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inIn almost all cases the germanGerman article for plural forms is "die"

for. For example:

das Weinfass

plural:

die Weinfässer

Combined nouns always use the article of the last part of the combination.

Another example was "chocolate":

singular:

die Schokolade

countable form:

die Schokoladentafel

plural of countable form:

die Schokoladentafeln

derived from: Duden Bd. 4: Deutsche Grammatik

also I'm a native speaker

in almost all cases the german article for plural forms is "die"

for example

das Weinfass

plural:

die Weinfässer

Combined nouns always use the article of the last part of the combination.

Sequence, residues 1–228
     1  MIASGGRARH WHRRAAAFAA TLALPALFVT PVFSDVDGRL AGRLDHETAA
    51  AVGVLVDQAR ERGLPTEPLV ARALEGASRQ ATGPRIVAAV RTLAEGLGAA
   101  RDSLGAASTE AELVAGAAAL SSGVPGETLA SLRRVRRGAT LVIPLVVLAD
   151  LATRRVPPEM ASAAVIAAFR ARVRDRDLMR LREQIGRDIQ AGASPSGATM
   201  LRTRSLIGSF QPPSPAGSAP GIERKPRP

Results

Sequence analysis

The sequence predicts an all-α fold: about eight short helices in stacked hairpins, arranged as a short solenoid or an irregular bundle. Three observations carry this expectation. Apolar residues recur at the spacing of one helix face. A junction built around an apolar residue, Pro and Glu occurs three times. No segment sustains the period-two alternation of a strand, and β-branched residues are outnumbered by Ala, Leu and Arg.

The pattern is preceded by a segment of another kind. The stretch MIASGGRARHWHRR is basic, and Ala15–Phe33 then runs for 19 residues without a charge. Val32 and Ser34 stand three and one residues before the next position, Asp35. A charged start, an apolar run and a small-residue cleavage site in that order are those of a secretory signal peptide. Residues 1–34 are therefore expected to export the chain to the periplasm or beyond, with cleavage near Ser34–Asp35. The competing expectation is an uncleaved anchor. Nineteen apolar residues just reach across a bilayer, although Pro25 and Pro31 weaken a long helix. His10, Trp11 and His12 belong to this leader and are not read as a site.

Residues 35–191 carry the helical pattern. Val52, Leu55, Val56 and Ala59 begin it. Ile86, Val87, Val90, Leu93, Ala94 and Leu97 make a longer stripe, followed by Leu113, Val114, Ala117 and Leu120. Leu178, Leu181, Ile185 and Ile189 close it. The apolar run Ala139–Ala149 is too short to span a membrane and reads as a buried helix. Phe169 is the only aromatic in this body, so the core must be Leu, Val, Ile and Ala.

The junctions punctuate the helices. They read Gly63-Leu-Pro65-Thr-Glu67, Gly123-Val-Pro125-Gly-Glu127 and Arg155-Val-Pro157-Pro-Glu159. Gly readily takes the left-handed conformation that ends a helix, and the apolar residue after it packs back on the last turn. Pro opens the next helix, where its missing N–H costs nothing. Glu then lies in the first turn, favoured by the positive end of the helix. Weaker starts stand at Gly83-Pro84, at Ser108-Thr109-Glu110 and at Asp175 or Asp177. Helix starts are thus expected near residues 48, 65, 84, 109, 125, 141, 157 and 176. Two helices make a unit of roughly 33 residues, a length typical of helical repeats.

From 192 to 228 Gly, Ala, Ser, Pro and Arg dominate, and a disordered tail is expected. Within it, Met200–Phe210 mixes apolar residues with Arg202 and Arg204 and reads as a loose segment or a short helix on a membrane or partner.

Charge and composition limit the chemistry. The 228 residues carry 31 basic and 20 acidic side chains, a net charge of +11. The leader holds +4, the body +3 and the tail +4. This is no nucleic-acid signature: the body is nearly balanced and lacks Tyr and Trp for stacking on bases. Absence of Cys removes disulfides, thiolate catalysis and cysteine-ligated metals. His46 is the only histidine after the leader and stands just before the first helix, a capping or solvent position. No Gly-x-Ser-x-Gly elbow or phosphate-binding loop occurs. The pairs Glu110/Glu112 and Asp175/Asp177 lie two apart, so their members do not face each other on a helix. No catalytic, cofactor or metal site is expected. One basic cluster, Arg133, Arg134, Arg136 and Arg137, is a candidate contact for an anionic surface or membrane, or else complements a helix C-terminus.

Another example was "chocolate":

singular:

die Schokolade

countable form:

die Schokoladentafel

plural of countable form:

die Schokoladentafeln

derived from: Duden Bd. 4: Deutsche Grammatik

also I'm a native speaker

In almost all cases the German article for plural forms is "die". For example:

das Weinfass

plural:

die Weinfässer

Combined nouns always use the article of the last part of the combination.

Another example was "chocolate":

singular:

die Schokolade

countable form:

die Schokoladentafel

plural of countable form:

die Schokoladentafeln

derived from: Duden Bd. 4: Deutsche Grammatik

also I'm a native speaker

1
source | link

in almost all cases the german article for plural forms is "die"

for example

das Weinfass

plural:

die Weinfässer

Combined nouns always use the article of the last part of the combination.

Another example was "chocolate":

singular:

die Schokolade

countable form:

die Schokoladentafel

plural of countable form:

die Schokoladentafeln

derived from: Duden Bd. 4: Deutsche Grammatik

also I'm a native speaker